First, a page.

Credit: Sky News | Photo credit: Twitter
- Nathan Paulin covered a distance of 500 meters in 30 minutes. The slackline was suspended between two peaks
- Tourists cheered him on from the beach as he took the walk without any protective gear
- It was his first slackline ride in Rio de Janeiro
French acrobat Nathan Paulin left swimmers in Rio de Janerio in awe on November 4 when he traversed a slackline suspended 80 meters between two peaks.
Believe it or not, he covered a distance of 500 meters in just 30 minutes without wearing any protective gear.
The 27-year-old daredevil stood barefoot on a strap bridge as he walked between Babilonia Hill and Urca Hill. The slackline would have been suspended 264 feet above the ground.
At the start of his march, tourists and locals gathered in large numbers to cheer him on. Panoramic views of Rio de Janeiro, including Sugarloaf Mountain, served as a backdrop for Paulin, who looked calm and in complete control while taking the walk.
This would be his first slackline outing in Rio de Janeiro.
Footage of the jaw-dropping attempt was shared on Twitter by Sky News on December 6. It now has over 30,700 views.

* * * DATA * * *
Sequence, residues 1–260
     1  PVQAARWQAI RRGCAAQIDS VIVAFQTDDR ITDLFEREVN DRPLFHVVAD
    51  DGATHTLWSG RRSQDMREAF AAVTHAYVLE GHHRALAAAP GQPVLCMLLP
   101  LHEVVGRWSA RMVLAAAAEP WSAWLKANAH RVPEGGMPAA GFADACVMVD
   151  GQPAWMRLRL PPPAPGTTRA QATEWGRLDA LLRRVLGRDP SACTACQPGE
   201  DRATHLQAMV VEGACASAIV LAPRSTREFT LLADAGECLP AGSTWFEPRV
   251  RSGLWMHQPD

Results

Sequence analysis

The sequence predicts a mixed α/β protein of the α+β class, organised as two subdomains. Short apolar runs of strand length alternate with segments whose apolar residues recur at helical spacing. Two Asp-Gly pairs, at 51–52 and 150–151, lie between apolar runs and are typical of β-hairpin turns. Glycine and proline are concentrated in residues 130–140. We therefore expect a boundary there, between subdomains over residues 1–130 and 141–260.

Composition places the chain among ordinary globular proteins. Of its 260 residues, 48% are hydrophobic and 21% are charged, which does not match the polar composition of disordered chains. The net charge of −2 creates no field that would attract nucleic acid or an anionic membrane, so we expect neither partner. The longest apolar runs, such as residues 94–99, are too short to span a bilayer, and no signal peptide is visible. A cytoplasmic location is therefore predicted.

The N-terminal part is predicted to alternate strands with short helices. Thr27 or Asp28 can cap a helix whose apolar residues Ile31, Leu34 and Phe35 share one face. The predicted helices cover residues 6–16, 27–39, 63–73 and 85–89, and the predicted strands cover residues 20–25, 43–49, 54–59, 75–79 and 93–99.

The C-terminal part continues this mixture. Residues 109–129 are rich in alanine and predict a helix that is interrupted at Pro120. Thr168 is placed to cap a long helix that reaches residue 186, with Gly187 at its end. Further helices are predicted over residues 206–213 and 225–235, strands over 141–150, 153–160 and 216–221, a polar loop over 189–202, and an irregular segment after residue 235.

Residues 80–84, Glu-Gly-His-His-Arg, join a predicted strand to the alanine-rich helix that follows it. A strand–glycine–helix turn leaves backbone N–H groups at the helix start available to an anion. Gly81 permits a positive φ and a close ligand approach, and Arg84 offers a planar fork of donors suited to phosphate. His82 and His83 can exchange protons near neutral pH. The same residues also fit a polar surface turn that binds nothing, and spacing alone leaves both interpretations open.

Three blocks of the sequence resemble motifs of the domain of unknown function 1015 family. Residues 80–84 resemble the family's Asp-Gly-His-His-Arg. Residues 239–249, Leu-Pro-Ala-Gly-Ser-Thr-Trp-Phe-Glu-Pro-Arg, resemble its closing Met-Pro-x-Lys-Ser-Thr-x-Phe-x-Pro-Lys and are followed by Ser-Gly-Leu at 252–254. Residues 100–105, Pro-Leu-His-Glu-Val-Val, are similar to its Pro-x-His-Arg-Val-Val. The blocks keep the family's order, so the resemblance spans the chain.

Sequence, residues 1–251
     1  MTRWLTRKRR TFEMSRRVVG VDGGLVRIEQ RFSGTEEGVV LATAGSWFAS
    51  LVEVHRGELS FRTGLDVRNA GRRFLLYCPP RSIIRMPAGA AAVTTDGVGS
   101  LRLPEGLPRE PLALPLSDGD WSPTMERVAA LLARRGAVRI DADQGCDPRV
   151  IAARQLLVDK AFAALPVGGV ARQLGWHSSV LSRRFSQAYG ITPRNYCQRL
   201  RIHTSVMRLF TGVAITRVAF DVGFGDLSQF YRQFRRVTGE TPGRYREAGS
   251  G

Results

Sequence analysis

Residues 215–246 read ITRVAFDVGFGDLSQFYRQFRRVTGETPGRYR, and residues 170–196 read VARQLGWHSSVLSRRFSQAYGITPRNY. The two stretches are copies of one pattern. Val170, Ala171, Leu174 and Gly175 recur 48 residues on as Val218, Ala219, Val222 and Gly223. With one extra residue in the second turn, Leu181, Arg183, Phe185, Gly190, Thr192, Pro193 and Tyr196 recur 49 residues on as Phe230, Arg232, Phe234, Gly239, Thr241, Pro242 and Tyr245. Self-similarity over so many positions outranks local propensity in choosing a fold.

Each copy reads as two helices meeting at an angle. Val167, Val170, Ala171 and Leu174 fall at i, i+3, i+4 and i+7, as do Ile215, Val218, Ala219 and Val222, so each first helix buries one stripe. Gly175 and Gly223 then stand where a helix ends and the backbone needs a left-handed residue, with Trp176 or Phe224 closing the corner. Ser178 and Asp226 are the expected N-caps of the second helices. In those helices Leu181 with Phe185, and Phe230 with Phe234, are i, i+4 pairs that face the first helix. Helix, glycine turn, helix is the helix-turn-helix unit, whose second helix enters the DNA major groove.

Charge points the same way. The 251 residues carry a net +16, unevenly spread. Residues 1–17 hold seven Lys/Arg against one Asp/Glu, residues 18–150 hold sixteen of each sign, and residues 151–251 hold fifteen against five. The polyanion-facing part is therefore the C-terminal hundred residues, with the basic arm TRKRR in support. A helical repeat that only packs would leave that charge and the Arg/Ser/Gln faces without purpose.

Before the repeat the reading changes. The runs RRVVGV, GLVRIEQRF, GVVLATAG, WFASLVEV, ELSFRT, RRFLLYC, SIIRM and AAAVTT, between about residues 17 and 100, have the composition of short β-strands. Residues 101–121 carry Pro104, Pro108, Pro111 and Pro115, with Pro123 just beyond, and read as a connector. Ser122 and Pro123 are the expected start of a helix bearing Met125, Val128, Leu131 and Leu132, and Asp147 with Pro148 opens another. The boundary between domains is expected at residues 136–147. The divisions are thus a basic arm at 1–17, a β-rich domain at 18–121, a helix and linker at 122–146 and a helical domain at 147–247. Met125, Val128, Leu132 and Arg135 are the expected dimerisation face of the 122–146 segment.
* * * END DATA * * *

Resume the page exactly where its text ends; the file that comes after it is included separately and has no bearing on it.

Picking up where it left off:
Watch it here:
According to reports, the stunt was part of a project called “Les Traceurs” (a French term for parkour practitioners). In it, Paulin walks long distances past famous landmarks in order to draw attention to environmental issues.
In September, Paulin walked 600 meters on a slackline from the Eiffel Tower to the other side of the Seine.
In early 2020, a Wallenda completed a 200-foot-long walkway between two hotel towers in Hawaii.
Slacklining is not much different from tightrope walking. But slackline walkers use a different material to reduce the strain on the line.
The origins of tightrope walking date back to The Wallenda. They are essentially the first family to do so.
Officially called the “Flying Wallendas”, the family’s acrobatic history dates back hundreds of years to their ancestors who were renowned trapeze artists, animal tamers and aerialists. However, they added “Flying” before their surname in the 1940s when they developed their famous “seven-person chair pyramid”.
Blake Wallenda walked a wire walkway from the 14th floor of the Ala Moana Hotel to another hotel. There were no nets above ground and no harnesses attached to Blake’s body as he walked between the buildings on a 200ft rope.